Coming back to the subject of learning-games in general, normally we follow their play with discussion. One way to do this is for the gamekeepers to make authoritative judgments on the game. But usually we use an open-interview process for the discussion, with its focus on representative testament and with both the gamekeepers and players active as interviewers. Thus the “phase n+1” of any given game is not an amorphous muddle of talk, but an event with structure.
The game itself is an ice-breaking drama in which all participate, and the gamekeeping of the discussion is designed to bring out the open-circle phenomena. The gamekeepers may impose an order on the subjects of testimony, and indeed this often clarifies the expression of the gestalt. As members of the circle, they testify to their own perceptions of the game, and to their experience in it if they also played. There is no ground for argument over disagreements, for each person’s experience is real and incontrovertible; and people are assumed to testify honestly. There is instead the correlations of a community’s multiple view: “I thought you …,” “it felt like …” The process comes to proper closure when all has been expressed—which does not necessarily mean when all have spoken, for many may have had similar experiences, but rather when people have stopped bringing significantly new insight or experience to the mix.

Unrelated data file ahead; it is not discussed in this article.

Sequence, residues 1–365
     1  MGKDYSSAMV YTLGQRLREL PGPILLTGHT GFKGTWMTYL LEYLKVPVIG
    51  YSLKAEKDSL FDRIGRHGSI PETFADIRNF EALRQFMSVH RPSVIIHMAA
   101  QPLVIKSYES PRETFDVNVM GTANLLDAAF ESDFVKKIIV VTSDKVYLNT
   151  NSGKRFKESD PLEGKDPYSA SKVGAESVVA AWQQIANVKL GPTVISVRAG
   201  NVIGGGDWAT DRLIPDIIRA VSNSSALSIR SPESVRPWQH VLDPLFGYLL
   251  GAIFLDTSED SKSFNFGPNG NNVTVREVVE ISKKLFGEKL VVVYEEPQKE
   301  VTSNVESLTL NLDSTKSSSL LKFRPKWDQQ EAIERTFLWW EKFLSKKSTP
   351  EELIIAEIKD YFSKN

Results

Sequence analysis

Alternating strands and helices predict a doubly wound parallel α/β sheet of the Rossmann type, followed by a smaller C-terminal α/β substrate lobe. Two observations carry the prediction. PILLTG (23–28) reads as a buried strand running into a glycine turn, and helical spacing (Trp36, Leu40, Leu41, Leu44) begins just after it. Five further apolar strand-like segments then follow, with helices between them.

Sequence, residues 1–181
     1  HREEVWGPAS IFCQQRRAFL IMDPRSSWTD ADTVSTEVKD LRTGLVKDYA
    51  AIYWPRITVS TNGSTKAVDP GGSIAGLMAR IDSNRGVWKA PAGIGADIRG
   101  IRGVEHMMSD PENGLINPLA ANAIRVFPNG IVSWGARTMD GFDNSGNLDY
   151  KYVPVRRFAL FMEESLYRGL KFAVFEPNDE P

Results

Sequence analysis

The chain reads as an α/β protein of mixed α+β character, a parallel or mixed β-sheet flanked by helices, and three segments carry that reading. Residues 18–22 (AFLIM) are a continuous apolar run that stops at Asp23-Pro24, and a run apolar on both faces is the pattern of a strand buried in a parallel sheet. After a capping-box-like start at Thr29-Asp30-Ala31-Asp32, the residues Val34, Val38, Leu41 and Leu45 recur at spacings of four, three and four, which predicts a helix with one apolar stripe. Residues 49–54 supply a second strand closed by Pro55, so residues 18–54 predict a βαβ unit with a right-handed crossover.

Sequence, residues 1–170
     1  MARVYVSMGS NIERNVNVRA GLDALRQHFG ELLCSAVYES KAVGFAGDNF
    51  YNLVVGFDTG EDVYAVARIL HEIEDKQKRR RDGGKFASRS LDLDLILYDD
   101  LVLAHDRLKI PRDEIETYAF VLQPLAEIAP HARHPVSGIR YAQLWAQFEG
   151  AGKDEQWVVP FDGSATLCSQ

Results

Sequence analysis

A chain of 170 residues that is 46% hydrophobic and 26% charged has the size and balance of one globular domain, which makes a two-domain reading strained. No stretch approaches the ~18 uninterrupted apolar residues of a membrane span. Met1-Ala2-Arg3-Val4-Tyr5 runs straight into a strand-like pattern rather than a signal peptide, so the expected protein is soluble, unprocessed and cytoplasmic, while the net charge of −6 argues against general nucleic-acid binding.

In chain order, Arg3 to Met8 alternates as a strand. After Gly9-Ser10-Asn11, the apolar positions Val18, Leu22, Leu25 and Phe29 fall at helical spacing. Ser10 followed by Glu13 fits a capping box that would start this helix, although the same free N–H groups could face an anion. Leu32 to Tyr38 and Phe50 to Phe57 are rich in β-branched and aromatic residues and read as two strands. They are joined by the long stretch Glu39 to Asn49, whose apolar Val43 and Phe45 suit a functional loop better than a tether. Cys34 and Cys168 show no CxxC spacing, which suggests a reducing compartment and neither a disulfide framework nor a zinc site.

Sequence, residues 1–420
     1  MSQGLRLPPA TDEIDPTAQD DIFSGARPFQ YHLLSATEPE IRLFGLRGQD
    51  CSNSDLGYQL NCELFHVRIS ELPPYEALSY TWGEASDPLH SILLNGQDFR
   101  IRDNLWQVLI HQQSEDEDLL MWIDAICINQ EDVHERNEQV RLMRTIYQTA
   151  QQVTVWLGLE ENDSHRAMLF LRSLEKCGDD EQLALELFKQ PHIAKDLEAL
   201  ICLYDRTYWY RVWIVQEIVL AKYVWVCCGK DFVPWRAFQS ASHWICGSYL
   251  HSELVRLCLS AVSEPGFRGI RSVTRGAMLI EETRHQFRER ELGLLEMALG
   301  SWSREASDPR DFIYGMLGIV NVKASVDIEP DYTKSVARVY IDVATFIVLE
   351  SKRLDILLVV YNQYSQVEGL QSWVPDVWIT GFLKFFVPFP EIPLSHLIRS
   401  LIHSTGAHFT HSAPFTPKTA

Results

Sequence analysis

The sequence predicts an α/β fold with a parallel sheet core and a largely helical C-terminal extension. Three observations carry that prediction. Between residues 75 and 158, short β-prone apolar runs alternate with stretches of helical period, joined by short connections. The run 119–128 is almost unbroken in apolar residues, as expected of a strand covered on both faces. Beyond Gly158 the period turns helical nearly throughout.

Thus each learning-game is actually a package of two: a game of experience, and a game-process for revealing the collective consciousness and understanding of the experience. Each of these games has its own wholeness, and together they have another—the integrity of creating and exploring a world of experience together, which satisfies something deep in us.
When played repeatedly by a small-enough group, Open Interview is perhaps the ideal discussion (seminar) process. It can go on indefinitely, feeding on its previous sessions and the environment like a ram-jet engine of learning. Even so, it needs to be resparked periodically by an ice-breaking drama, which may only be a recapitulation of what the group has grasped to date, but may well be more experiential and intense.